In our introduction to the main menu, we saw that, to access it, the user clicks one of its categories. A contextual menu is one that appears when the user right-clicks an area of an application or form. In most applications, when the user right-clicks a title bar, the operating system is configured to display a system menu. Here is an example:

Operating system's title bar menu

A menu is considered, or qualifies as, popup if, or because, it can appear anywhere on the form as the programmer wishes. Such a menu is also referred to as context-sensitive or contextual because its appearance and behavior depend on where it displays on the form or on a particular control. The person who creates the application decides if or where the contextual menu would appear. Because this characteristic is up to the programmer, the same application can display different types of popup menus depending on where the user right-clicks. Here are examples:

Context-sensitive menu

Contextual menu

The first difference between a main menu and a popup menu is that a popup menu appears as one category or one list of items and not like a group of categories of menus like a main menu. Secondly, while a main menu by default is positioned on the top section of a form, a popup menu doesn't have a specific location on the form.

Creating a Contextual Menu

To support the creation and management of contextual menus, the .NET Framework provides the ContextMenuStrip class. This class is derived from ToolStripDropDownMenu, which itself is based on the ToolStripDropDown class. The ToolStripDropDown class is derived from ToolStrip.

To visually create a contextual menu, in the Menus & Toolbars section of the Toolbox, click the ContextMenuStrip button and click the form. Once you have a ContextMenuStrip object, you can create its menu items. To do this, as mentioned for the MenuStrip, you can click the first Type Here line, type a string, press Enter, and continue creating the other menu items in the same way.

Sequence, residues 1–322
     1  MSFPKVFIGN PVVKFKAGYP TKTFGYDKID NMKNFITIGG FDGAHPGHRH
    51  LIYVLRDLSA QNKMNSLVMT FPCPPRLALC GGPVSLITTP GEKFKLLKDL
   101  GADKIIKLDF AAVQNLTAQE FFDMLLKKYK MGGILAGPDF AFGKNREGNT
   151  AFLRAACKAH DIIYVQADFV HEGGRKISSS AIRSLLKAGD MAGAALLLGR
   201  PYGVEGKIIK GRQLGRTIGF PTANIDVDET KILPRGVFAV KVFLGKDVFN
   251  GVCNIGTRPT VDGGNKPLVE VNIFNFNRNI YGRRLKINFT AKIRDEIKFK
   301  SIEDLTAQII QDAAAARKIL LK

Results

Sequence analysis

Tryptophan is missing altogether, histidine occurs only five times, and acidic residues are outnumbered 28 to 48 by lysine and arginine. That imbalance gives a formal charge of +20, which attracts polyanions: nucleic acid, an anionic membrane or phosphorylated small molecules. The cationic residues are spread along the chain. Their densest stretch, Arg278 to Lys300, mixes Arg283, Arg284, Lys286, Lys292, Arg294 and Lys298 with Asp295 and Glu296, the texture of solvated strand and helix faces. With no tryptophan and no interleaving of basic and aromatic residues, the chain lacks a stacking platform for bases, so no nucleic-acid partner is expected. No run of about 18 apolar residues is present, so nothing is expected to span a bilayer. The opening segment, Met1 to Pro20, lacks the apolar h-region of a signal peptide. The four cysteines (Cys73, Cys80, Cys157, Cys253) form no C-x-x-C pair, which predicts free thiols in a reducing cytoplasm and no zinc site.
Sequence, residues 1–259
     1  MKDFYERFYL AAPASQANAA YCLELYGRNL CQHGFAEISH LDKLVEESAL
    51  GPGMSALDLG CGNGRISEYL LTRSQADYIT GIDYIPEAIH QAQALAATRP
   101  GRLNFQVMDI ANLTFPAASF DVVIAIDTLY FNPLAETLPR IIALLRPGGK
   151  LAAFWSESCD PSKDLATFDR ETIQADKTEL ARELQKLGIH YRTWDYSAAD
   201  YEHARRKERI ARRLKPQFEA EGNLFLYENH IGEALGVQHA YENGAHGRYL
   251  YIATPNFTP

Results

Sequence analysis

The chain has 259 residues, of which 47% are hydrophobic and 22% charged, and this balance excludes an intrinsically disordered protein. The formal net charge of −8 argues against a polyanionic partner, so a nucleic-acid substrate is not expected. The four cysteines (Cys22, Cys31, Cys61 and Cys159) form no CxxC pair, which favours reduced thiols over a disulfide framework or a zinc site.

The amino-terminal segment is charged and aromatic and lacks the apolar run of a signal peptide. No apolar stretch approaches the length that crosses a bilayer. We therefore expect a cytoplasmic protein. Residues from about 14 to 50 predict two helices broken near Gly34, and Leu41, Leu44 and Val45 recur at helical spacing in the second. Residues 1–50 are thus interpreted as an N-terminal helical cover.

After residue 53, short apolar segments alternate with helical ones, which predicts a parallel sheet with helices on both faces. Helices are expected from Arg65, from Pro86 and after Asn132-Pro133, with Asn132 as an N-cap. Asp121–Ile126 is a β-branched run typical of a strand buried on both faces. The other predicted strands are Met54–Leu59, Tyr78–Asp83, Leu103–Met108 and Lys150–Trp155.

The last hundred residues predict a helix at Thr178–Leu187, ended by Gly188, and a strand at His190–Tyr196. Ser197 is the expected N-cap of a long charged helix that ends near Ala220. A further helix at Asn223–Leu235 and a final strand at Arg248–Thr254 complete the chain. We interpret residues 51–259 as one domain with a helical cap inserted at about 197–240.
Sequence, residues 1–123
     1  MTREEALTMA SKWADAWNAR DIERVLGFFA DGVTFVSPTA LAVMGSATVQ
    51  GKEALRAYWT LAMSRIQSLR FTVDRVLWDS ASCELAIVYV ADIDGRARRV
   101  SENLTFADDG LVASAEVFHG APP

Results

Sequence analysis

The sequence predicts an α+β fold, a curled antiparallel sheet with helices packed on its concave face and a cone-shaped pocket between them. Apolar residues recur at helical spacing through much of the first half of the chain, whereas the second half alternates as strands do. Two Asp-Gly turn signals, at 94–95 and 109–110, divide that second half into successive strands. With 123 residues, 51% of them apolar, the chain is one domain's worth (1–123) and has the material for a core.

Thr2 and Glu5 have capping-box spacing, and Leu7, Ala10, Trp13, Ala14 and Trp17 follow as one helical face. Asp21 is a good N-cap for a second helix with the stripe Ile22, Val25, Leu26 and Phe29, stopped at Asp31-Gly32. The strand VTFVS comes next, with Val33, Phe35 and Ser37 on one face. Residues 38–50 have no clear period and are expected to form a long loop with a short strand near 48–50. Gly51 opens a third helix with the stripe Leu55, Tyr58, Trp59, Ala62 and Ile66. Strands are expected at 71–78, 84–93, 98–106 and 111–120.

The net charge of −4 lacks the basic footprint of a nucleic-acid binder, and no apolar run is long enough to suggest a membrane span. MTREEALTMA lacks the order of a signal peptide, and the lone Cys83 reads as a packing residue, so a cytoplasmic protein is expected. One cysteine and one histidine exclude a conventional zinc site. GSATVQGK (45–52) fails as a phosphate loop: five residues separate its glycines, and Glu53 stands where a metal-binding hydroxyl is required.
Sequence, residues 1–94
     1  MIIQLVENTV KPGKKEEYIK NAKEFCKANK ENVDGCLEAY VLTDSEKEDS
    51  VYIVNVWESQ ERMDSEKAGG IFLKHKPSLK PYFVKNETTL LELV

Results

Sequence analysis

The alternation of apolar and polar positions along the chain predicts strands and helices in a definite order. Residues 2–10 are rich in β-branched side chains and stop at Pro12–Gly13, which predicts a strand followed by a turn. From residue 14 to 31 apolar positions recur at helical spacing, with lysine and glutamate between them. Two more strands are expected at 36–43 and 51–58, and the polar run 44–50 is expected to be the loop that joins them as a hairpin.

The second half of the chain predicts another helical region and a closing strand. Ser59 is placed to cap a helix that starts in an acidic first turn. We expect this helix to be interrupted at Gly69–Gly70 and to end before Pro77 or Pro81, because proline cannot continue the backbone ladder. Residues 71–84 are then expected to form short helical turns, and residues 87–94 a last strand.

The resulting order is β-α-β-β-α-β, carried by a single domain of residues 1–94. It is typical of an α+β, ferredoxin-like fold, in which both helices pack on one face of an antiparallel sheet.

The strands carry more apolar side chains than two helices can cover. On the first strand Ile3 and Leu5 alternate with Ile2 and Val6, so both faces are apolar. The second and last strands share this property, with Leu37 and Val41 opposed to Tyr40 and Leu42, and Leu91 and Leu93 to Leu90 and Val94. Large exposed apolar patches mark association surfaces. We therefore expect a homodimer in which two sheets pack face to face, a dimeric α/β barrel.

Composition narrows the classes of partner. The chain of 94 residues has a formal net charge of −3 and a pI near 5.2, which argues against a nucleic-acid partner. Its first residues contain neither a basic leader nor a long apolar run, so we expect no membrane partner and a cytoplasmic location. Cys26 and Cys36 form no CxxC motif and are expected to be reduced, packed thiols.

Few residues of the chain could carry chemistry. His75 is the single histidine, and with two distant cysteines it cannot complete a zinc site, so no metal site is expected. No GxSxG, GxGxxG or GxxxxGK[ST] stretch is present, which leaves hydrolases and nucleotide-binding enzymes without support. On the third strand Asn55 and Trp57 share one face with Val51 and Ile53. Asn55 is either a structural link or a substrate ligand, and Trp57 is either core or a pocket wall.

Unlike a main menu, a popup menu provides a single list of items. If you want different popup menus for your form, you have two options. You can create various popup menus or programmatically change your single popup menu in response to something or some action on your form.

To programmatically create a contextual menu, start by declaring a handle to ContextMenuStrip. Here is an example:

using System;
using System.Drawing;
using System.Windows.Forms;

public class Exercise : System.Windows.Forms.Form
{
    public Exercise()
    {
        InitializeComponent();
    }

    void InitializeComponent()
    {
        System.Windows.Forms.ContextMenuStrip context =
		new System.Windows.Forms.ContextMenuStrip();
    }
}

public class Program
{
    static int Main()
    {
        System.Windows.Forms.Application.Run(new Exercise());
        return 0;
    }
}

To assist you with each item of a contextual menu, ToolStrip, the ancestor to the ContextMenuStrip class, is equipped with a property named Items. This property is of type ToolStripItemCollection, which is a collection-based class. The ToolStripItemCollection class implements the IList, the ICollection, and the IEnumerable interfaces.

To create one or more menu items, you can use the various techniques we reviewed for the main menu. Here are examples:

void InitializeComponent()
{
        System.Windows.Forms.ContextMenuStrip context =
		new System.Windows.Forms.ContextMenuStrip();

        ToolStripMenuItem mnuCut = new ToolStripMenuItem("Cut");